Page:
As the 50th anniversary of the treaty for the nonproliferation of nuclear weapons approaches in 2020, the global nuclear order is more divisive and challenging. These challenges include continued nuclear testing by North Korea, threatening a nuclear confrontation against the United States and its East Asian allies as well as US President Donald Trump’s skepticism about the Iran nuclear deal.
Moreover, a most significant challenge has been the issue of lack of progress with regard to the nuclear weapons states commitment to Article VI of the NPT, ie, their obligation to “pursue negotiations in good faith on effective measures relating to cessation of the nuclear arms race at an early date and to nuclear disarmament, and on a treaty on general and complete disarmament”.
On the contrary, the trends show that the US and Russia are actively engaged in building new types of nuclear delivery systems, reviving old types and are expanding their budget for the nuclear weapons spending. With the US Nuclear Posture Review claiming to develop low-yield nuclear weapons for its submarines, demonstrating a tendency to propagate an overreliance on use of these weapons to that of the Russian acquisition of the ‘invincible’ nuclear missile that can defy the US missile defences; the volatility of the global nuclear order is manifested in increasing the arms races, less reliance on multilateralism and pervasive strategic competition.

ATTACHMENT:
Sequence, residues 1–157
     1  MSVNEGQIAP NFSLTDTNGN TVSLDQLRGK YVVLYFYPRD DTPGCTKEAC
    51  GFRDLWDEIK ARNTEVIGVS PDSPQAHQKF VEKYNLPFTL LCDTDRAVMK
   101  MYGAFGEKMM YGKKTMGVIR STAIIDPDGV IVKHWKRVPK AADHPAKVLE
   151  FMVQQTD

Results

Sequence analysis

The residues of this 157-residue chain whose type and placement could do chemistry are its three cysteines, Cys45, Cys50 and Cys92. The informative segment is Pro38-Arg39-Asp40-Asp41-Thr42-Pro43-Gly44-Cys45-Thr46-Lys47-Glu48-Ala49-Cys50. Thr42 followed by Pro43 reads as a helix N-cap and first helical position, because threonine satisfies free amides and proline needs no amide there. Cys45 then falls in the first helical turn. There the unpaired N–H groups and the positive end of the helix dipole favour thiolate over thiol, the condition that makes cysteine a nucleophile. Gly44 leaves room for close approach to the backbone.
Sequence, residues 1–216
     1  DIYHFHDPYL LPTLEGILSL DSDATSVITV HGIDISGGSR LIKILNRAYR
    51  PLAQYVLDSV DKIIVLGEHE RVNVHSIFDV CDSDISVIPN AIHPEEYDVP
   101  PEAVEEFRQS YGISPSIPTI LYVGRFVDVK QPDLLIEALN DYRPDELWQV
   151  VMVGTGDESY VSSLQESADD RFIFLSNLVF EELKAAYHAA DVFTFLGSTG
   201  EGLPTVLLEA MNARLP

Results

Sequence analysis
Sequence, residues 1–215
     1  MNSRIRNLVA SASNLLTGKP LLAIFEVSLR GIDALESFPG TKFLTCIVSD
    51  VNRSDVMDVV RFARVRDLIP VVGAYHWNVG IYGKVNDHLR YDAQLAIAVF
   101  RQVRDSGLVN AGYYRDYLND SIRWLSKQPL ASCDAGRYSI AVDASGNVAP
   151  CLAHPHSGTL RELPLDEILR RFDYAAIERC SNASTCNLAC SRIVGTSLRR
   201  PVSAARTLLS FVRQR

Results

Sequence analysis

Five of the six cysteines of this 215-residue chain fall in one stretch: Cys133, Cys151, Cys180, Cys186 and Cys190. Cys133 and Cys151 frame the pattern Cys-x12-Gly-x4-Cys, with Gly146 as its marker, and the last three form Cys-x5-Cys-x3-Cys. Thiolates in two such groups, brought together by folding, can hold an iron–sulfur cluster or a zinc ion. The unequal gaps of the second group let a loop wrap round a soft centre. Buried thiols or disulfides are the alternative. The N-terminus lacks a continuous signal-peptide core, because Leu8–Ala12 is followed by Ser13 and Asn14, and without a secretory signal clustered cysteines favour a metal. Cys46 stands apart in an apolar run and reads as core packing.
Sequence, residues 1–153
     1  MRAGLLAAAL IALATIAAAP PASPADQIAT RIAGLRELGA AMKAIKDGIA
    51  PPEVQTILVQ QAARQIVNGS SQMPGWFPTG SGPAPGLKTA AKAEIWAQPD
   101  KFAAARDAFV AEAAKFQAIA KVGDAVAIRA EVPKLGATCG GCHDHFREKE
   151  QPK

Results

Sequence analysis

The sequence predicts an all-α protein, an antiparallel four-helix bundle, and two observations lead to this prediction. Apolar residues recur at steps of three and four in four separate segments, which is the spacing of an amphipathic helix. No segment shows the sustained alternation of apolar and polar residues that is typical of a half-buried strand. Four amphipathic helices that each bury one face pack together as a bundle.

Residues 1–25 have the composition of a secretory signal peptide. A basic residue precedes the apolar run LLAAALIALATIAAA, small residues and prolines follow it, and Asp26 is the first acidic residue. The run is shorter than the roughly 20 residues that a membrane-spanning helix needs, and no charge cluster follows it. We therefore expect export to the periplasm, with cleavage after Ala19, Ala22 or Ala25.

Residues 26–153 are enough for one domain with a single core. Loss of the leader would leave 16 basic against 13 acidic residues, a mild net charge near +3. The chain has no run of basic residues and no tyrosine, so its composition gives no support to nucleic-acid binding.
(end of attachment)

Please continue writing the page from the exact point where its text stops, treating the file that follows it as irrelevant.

In South Asia, the irrationality of this competition is manifested through inducing strategic instability; by the US and Western powers, through transferring destabilising strategic offensive technologies and conventional arms sales to India. The impetus to it being provided by the growing Indian economic market. Ranging from deals on conventional weaponry to that of trade of strategic dual-use technologies, all are part of the ‘grand bargain’ in South Asia struck mainly under the US auspices. The main objective of which is to prop up India against a rising China, which is challenging US dominance in the Indo-Pacific region.
In this context, the United States has made every possible diplomatic effort to bring India in the nuclear mainstream by promising membership of the multilateral export control regimes that regulate the export of items relating to nuclear dual-use, chemical, missile technology as well as conventional weaponry. The effort is already returning benefits, with India becoming a member of three of the four multilateral export control regimes, ie, Missile Technology Regime (MTCR), Australia Group (AG), and Wassenaar Arrangement (WA). The main hurdle in the way of India’s entry into the Nuclear Suppliers Group (NSG), a voluntary arrangement among 48 states to regulate the export of nuclear and related dual-use technologies, is China. China’s position is pretty clear: India should not be made an exception yet again but the group should discuss rules for expanding the membership of the group to non-NPT nuclear weapon states and develop uniform membership criteria.